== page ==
The Browns are heavy underdogs at Pittsburgh Sunday, as a team with two injured quarterbacks that may be left to turn to a rookie (Colt McCoy) or a player re-signed just Tuesday (Brett Ratliff) ought to be. And look, if the Steelers win big, no one will be surprised. That's probably the most likely outcome Sunday if neither QB Seneca Wallace nor Jake Delhomme is available. The Browns could have a big, big problem at quarterback, and that's going to be the salient decision-making point for many picking a winner in this game, and as it should be.
That said, if you believe the Steelers are going to rout the Browns, you have to keep this in mind: Cleveland has three losses by seven points or less, and Eric Mangini's club was game in its 10-point defeat to Atlanta on Sunday.
There's another factor to consider: The Browns beat the Steelers when the teams last met back in December 2009 — and did it doing the following: 1) rushing for 171 yards, with WR Joshua Cribbs racking up 87 yards on just eight carries; 2) sacking QB Ben Roethlisberger eight times and 3) getting all of 90 yards passing from QB Brady Quinn, who completed just 6-of-19 passes.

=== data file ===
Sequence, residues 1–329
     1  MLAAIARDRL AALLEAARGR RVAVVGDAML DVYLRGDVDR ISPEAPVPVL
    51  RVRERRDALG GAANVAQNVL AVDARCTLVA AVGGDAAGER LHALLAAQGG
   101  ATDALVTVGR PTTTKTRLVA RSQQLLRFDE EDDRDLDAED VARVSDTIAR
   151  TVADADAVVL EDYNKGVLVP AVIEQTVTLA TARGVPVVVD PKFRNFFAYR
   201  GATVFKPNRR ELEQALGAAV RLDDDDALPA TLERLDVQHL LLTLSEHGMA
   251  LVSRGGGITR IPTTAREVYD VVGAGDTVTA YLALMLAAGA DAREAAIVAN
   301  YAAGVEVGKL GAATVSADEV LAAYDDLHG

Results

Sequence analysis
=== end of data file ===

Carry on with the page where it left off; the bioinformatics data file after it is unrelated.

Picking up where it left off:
The Browns' upset of Pittsburgh came out of nowhere; they were 1-11 when they surprised the Steelers. Yes, Pittsburgh is playing better than it did a season ago, but so is Cleveland.
Beating the Steelers in Pittsburgh will be a tall order, and it's still very unlikely, but Cleveland has a very recent history lesson to refer to when game-planning under tough circumstances. If the Browns are sound, and if the Steelers make a few mistakes, Cleveland could give its division rival a game. But a sloppy game from Cleveland, and this could get out of hand.